On-the-Job Experience: While on the job, you will need good customer service skills, be detail-oriented, have some mechanical capability, and be physically fit because the job can include some heavy lifting and hours of walking, standing and working in tight spaces.
Connecticut Plumbing Licensing Exam Details
Both the trade and law and business examinations are administered by PSI testing services. Once you are eligible to take the examination(s), you will need to mail the original license application (which can be found in the Candidate Information Bulletin), application fee, and any required documents to PSI licensure: certification. If all application requirements are met, PSI will issue you an Examination Eligibility postcard with instructions for scheduling and paying for the examination(s). It is your responsibility to contact PSI. You may go online at www.psiexams.com or call (855) 746-8171. Each portion of the exam is $65. If you are taking a contractor level exam, which requires both the trade portion and the Business and Law exam, the total is $130.
To prepare, PSI suggests that you start with a current copy of the Candidate Information Bulletin and use the examination content outlines as the basis of your study. Read/study materials that cover all the topics in the content outline and take practice tests. Take notes on what you study. Putting information in writing helps you commit it to memory, and it is also an excellent business practice. Also, discuss new terms or concepts as frequently as you can with colleagues. This will test your understanding and reinforce ideas. Your studies will be most effective if you study frequently, for periods of about 45 to 60 minutes. Concentration tends to wander when you study for longer periods of time.
On the day of testing, you must bring two forms of identification that bear your signature, and one must also have your photograph. Your name as shown on the application form must exactly match the name on the photo I.D. used at the testing site.
Each of the exams is described in detail in the bulletin, including the number of questions and the time limit to complete it as well as which reference materials you may use and what items are not allowed in the testing centers. There are six locations listed. Two are in Connecticut — one in West Hartford and the other in Milford. There are four others in Massachusetts in Auburn, Boston, Fall River, and Springfield.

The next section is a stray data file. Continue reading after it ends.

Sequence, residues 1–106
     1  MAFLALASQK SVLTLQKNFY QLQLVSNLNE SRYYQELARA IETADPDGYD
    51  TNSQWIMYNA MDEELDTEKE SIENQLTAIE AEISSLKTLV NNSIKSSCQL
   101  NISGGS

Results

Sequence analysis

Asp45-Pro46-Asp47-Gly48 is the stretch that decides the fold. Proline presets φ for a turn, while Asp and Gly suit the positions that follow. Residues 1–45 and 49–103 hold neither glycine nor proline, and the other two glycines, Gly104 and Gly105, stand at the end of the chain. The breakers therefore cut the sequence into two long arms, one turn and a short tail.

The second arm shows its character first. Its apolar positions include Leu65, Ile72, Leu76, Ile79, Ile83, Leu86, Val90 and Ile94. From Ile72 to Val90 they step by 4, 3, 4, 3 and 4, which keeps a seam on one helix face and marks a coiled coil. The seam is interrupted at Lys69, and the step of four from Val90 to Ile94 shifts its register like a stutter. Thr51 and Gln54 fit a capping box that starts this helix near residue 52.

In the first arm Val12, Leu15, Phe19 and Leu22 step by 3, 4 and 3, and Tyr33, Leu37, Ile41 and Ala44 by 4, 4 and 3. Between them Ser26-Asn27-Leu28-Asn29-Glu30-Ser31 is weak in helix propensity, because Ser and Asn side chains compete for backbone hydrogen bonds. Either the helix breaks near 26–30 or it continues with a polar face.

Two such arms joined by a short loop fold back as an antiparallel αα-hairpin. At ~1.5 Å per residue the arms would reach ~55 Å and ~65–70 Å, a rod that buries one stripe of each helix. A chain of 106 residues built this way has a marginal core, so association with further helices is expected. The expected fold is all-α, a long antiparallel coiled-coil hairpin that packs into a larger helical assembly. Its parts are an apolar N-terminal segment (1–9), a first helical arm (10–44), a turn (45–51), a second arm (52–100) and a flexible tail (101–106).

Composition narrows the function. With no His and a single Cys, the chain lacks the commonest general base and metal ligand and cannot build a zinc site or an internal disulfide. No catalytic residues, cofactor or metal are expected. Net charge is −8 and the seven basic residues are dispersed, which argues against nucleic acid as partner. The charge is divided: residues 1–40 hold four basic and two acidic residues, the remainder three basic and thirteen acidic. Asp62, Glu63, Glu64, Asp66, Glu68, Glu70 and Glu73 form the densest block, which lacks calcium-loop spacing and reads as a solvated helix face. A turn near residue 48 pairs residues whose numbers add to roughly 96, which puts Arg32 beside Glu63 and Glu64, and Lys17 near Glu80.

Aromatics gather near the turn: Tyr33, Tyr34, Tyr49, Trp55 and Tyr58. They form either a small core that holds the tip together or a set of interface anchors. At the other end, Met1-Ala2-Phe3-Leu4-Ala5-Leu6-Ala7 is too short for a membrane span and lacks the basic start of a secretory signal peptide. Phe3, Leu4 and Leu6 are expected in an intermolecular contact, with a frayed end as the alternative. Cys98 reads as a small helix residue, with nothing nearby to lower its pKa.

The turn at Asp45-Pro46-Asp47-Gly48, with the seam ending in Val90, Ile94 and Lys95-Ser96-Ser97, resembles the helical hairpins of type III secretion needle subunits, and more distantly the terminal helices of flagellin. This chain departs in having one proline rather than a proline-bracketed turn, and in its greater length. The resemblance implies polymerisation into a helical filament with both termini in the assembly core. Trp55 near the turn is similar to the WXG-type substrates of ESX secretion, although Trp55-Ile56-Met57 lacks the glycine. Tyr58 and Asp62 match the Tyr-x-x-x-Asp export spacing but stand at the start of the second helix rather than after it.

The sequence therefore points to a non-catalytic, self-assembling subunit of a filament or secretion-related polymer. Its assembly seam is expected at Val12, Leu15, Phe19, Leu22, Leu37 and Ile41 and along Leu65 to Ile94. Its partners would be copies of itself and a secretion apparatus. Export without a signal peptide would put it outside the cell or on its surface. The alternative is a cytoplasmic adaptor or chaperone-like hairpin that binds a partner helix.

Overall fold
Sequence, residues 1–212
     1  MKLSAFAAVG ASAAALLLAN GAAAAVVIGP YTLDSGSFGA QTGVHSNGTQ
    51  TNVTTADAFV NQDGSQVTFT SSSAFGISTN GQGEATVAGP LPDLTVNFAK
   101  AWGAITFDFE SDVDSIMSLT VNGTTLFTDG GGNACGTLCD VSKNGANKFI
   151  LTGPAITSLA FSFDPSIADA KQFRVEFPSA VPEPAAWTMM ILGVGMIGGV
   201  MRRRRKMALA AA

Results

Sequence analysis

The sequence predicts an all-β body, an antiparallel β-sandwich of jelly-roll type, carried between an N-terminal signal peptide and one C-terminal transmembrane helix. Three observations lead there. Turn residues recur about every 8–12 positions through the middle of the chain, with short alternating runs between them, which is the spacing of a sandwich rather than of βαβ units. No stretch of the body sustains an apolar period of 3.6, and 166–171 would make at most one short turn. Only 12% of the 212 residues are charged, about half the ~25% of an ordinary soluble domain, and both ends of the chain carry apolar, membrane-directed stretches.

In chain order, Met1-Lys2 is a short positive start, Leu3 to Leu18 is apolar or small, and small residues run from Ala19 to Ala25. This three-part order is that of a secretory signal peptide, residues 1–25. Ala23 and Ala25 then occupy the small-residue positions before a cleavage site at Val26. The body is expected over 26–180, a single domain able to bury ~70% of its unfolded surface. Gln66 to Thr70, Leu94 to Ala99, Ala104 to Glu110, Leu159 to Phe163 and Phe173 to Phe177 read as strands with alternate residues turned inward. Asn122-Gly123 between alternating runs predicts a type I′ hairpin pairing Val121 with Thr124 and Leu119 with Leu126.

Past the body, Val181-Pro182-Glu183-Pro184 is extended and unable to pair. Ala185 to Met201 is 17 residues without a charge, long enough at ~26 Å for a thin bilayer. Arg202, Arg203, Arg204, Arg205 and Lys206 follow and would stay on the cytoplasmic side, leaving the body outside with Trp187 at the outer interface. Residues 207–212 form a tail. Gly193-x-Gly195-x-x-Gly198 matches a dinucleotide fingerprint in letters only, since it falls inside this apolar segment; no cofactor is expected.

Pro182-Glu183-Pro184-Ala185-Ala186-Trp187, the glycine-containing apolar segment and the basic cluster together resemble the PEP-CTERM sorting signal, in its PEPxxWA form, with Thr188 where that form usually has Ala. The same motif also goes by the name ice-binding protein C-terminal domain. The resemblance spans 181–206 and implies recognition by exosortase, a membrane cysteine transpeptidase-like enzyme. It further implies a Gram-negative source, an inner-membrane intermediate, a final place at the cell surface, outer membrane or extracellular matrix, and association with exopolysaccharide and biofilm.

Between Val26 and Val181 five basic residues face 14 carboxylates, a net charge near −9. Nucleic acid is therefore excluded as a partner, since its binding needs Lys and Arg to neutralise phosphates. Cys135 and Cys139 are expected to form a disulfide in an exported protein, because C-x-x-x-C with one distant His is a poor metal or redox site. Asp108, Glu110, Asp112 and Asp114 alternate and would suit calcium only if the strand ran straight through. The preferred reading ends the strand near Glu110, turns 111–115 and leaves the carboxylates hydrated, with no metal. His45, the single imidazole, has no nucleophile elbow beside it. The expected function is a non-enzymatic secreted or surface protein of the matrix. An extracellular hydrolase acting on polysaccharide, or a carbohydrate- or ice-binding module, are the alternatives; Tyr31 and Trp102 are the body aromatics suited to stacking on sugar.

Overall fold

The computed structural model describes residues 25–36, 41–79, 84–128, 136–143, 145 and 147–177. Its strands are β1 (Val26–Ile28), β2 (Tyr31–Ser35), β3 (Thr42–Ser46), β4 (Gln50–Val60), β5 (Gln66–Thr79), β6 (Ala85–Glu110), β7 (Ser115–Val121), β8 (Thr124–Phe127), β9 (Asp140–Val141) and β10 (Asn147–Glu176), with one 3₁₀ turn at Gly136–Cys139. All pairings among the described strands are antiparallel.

The Business and Law Examination is required for all contractor licenses. It is made up of 50 questions and has a two-hour time limit. It covers:
Estimating and Bidding
Environmental and Safety
All of the plumbing, gas piping, and pipefitting exams have different numbers of questions and time limits depending upon the scope of the material. The unlimited contractor license has the most, with 80 questions and three hours to complete them. Check the Candidate Information Bulletin for details of what’s covered in each and what reference materials you should be studying to prepare. Most require knowledge of the International Plumbing Code and cover subjects like backflow, water heaters, and other such work.
All of the exams are open book and require a 70% to pass.
After passing your examination(s), you’ll need to submit the licensing fee indicated on the passing score report for your trade examination with all passing score reports to the Connecticut Department of Consumer Protection and you will be issued your plumber license.
Who Issues Plumbing Licenses in Connecticut?
The Connecticut State Department of Consumer Protection issues all professional licenses including for plumbers, HVAC professionals, and electricians.
Does My Connecticut Plumbers License Work in Any Other State?
No, the state of Connecticut does not have reciprocity with any other states for Plumbing/Gas fitters or HVAC/R.
Other certifications can help you demonstrate your proficiency to potential employers and clients. National Inspection Testing and Certification (NITC), International Association of Plumbing and Mechanical Officials (ASSE Certifications) and other professional certifications are not required but may make you a more attractive hire to prospective employers or can increase your marketability to customers.
Connecticut law does require continuing education for electricians and plumbers. The Connecticut general statutes says that continuing education "is designed to maintain professional competence in the pursuit, practice and standards of electrical work or plumbing and piping work," and it must be provided by an organization, institution or agency that is approved by the commissioner. The website says there is no continuing education available at this time for P-8, P-9, therefore these license holders are not obligated to obtain continuing education credits. However, Unlimited Plumbing Contractors (P-1) must provide proof of seven hours of continuing education at the time of renewal in even-numbered years and Unlimited Journeyperson Plumbers (P-2) must provide proof of five hours of continuing education at the time of renewal in odd-numbered years.
All plumbing licenses expire every year on Oct. 31. To renew a journeyperson level license you must pay the $120 renewal fee. It can be done online using this link. The cost to renew a contractor license is $150.